This story was updated at 1:25 p.m. EST.
President Trump and congressional Republicans are poised to mark the one-year anniversary of the GOP seizing unified control of Washington by shutting down the government.
Funds for the federal government run out at midnight, and without a last-minute breakthrough in negotiations it appears that the GOP doesn’t have the votes to keep the lights on as dawn breaks on the first anniversary of Trump’s Jan. 20th inauguration.
Senate Democrats have dug in their heels in opposing the GOP’s plan for a bill to fund the government for one more month after Trump rejected a bipartisan deal to protect recipients of the Deferred Action for Childhood Arrivals program that he ended late last year.
With Republicans holding a narrow Senate majority – and a handful of GOP senators voicing opposition to the plan as well – it appears the party is far short of the 60 votes it needs to avoid a shutdown.
“There’s near zero chance of this thing passing,” Sen. Sheldon Whitehouse (D-RI) told TPM as he left for the night Thursday.
There’s no clear plan B, either. Some senators in both parties have suggested a bill to fund the government for a few days to leave room for more negotiations. But House members are already heading home — increasing the likelihood of at least a short-term shutdown.
Trump organized a last-minute meeting with Senate Minority Leader Chuck Schumer (D-NY) Friday afternoon to try to avert a shutdown. But it’s unclear whether there has been any change in the leaders’ positions, or whether congressional Republicans will go along if they do strike a new deal.
Trump dodged any talk of a shutdown during a Rose Garden rally with anti-abortion leaders on Friday afternoon, though he highlighted his looming anniversary.
“Tomorrow will mark exactly one year since I took the oath of office, and I must say the country is doing really well,” he said.
While it remains unclear who will take the brunt of the blame for a shutdown, early polls indicate the public will place the blame mostly on Trump and Republicans. An ABC News poll released Friday found 48 percent of Americans would blame Trump and Republicans for a shutdown, and just 28 percent would blame Democrats. A Quinnipiac survey released Thursday found that 34 percent of Americans would blame Democrats for a shutdown, 32 would blame congressional Republicans and 21 percent would blame Trump.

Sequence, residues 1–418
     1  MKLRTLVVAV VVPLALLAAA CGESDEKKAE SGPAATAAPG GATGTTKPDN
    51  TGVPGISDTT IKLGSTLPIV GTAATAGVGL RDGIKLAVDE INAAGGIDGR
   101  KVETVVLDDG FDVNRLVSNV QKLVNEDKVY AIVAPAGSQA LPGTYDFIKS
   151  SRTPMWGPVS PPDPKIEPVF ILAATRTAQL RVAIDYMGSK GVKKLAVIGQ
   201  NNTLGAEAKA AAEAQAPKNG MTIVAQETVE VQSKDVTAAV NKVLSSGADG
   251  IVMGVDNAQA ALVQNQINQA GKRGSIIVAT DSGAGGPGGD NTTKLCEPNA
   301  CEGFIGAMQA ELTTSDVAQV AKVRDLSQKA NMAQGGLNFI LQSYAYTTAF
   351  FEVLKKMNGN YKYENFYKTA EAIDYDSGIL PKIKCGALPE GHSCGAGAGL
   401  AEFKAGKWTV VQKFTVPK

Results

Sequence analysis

Trump had planned to leave D.C. for his Mar-A-Lago resort in Florida on Friday afternoon, and has a major campaign fundraiser scheduled for Saturday. The White House confirmed that he’d canceled his Friday departure ahead of the possible shutdown.
White House officials are bracing for a shutdown — while looking to lessen its impacts by keeping things like national parks and the post office open, a sign they’re wary of how the politics will play for the GOP.
“I’m handicapping [a shutdown] now at some place between 50 and 60 percent,” Office of Management and Budget Director Mick Mulvaney told reporters Friday morning at the White House.
“I think it’s ratcheted up. We were operating under a sort of 30 percent shutdown up until yesterday, I think it’s ratcheted up now,” he said a bit earlier. “We’re working to make sure there is no shutdown but if the Senate or the House can’t get together to finalize a deal we’ll be ready.”
The Senate returns at 11 a.m., with no clear path forward. Senate Majority Leader Mitch McConnell (R-KY) has indicated he plans to hold a vote on the House-passed plan for a one-month extension of funding and a six-year extension of funds for the Children’s Health Insurance Plan at some point on Friday, but it’s not even clear if he has 50 votes for the plan, much less the 60 needed for passage.
One year ago Saturday, Trump declared a sea change in how government would work, promising an improvement for the people.
“What truly matters is not which party controls our government but whether our government is controlled by the people. January 20th, 2017 will be remembered as the day the people became the rulers of this nation again,” he said during his inaugural address.
But Democrats say his decision to scuttle a DACA deal has led to the current situation — and many congressional Republicans privately agree. The pending shutdown raises questions about what changes Trump has wrought.